The second page recorded some personal details and a description of the bearer, starting with the date and place of birth and then the soldiers religion and civilian occupation. Concerning the religion there are a number of abbreviations that were commonly used:

r.k. / r.kath Römisch-Katholisch Roman Catholic
ev Evangelische Evangelical (Lutharian), a form of Protestant faith
gttls / % Gottlos Atheist or non-religious
gttgl Gottglaubig accepts god exists but does not follow a religion

The personal description, moving down the page, gave details which would be given as:

Height Given in either centimetres or metres
Build Schlank (slim), mittel (medium), groß (big), klein (small), kraftig (strong)
Face shape Oval (oval), rund (round), schmal (thin), voll (fat), länglich (long)
Hair Blonde (blonde), braun (brown), dunkel (dark), schwarz (black), rot (red), grau (grey) – dunkel could be added to the other colours too
Beard Klein or % (none) – most soldiers would be clean shaven
Eyes Blau (blue), braun (brown), grün (green), grau (grey)

Next it noted any distinguishing features, such as wearing glasses (brillenträger), the location of a scar (narbe), burn scar (brandnarbe) or describes a tattoo (tätowierung).

This is then followed by the shoe size, which in typical military form usually comes as a length and a width. The length is often given in centimetres, so measure your feet as there are various sizing systems (UK, US or European). It is likely to be ranged 25-31. The width is graded 1-5, with 1 being narrow and 5 being wide.

Beneath all of this the soldier would sign his name in full to confirm the details. This in turn would be witnessed and the information above verified by the issuing officer. The first two lines here show the Soldbuch issue date and the unit responsible for issuing it. Below this it was signed by the officer, who then gave his rank and position. Some of these lines can be stamped or written in. The unit seal was then stamped to the left of this section and sometimes the unit location may have been stamped above the unit seal.
Apart from the authorisation details in the bottom section, all of the information on page 2 would have been entered by the first official.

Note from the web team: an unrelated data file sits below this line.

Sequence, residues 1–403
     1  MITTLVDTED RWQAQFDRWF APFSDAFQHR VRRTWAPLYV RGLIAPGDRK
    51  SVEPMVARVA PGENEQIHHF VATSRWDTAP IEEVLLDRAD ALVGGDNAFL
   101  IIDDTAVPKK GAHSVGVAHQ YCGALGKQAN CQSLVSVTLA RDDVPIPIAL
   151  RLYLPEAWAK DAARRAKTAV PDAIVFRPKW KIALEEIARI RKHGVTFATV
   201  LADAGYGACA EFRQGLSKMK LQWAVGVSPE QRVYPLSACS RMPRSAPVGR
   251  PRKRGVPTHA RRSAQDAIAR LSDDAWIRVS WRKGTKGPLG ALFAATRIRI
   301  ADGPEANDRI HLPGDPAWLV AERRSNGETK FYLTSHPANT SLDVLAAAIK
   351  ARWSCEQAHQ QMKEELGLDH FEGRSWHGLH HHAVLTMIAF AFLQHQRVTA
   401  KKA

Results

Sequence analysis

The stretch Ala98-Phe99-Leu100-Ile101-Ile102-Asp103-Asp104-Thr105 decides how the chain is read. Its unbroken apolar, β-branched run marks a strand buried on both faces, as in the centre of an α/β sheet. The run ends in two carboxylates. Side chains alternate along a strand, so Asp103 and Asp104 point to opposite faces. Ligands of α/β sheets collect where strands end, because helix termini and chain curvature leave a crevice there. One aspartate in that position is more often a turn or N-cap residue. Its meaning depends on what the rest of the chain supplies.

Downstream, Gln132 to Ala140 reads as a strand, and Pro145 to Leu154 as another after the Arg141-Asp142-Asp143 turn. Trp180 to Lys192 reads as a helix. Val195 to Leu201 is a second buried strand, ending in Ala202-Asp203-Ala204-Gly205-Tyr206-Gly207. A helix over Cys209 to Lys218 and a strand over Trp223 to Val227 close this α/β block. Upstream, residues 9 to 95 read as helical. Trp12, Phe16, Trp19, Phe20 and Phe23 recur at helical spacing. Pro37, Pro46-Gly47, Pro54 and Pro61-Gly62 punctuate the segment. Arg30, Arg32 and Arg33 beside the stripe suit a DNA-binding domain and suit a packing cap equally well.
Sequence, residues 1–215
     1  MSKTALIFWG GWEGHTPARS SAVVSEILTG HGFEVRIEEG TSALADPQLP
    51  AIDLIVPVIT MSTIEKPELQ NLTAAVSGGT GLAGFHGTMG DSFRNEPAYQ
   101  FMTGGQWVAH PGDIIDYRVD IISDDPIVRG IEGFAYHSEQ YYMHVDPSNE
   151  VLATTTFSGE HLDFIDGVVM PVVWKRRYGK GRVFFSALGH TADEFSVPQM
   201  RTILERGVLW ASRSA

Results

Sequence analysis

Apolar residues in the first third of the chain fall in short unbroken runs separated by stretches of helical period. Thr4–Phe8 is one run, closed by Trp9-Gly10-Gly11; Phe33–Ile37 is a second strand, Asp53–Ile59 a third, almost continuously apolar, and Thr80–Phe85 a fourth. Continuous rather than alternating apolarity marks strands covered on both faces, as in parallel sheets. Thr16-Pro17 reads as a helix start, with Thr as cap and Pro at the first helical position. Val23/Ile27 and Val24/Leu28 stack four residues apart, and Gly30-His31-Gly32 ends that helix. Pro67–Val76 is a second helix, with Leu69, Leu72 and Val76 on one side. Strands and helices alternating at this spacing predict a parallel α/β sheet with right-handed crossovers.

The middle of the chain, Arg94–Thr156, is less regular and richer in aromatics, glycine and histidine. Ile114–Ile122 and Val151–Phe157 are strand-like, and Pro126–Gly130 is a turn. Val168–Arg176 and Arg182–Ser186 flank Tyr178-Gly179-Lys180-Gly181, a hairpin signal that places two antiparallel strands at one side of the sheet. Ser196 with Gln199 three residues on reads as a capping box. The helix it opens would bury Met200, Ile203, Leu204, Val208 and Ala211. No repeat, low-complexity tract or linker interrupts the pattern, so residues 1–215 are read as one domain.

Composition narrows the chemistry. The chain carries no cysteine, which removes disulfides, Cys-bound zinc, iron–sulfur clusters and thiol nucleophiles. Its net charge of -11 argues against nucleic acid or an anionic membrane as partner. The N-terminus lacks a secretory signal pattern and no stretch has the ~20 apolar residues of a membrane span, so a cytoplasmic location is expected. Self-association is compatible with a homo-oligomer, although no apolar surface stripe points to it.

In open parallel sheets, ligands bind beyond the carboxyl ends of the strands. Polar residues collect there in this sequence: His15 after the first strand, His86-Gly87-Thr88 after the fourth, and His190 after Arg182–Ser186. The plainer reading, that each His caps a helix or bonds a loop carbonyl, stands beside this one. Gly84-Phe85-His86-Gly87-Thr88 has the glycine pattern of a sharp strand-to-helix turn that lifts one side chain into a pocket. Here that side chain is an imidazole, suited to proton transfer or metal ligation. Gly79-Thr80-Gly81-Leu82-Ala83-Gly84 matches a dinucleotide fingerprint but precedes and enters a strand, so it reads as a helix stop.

Page 3 of World War 2 German Army SoldbuchPage 3
Any alterations to the information shown on the first two pages were recorded and certified here in the table on page 3. These would sometimes be changes to correct mistakes overlooked in the original information, but most often are for updates in information as the soldier progressed through his military service.

The first column was used to simply assign a serial number to each recorded change, starting with ‘1’ for the first and increasing numerically in order as further changes were added.

The second column recorded the type of amendment being made. The two most common entries were Beforderung (promotion) and Ernennung (appointment). The difference between the two terms is whether the change is actually a change in rank or simply an increase in grade between ranks. An example of this would be moving from Schütze to Oberschütze, which is not actually a promotion in rank, so should be recorded as Ernennung. Moving from Oberschütze up to Gefreiter is however classed as a promotion, so should be recorded as Beforderung. It was not uncommon for Ernennung to be incorrectly recorded as Beforderung and very often either term would not be used, with the word Dienstgrad (service rank) being used or the actual rank itself being written instead. Other changes sometimes recorded in this column would be for the issue of new identification tag. The term could be written as EK, E-marke or Erkennungsmarke.

Column three showed the page upon which the change had been made (1 or 2) and column four showed the date that the change was recorded. The following column recorded the relevant unit with which the soldier was serving at the time the change was made, often in its abbreviated form. On occasion the unit itself was not recorded, but the Feldpost number that was assigned to the unit. The last two columns were for the person who was certifying the change to sign in one and record their rank and position in the other.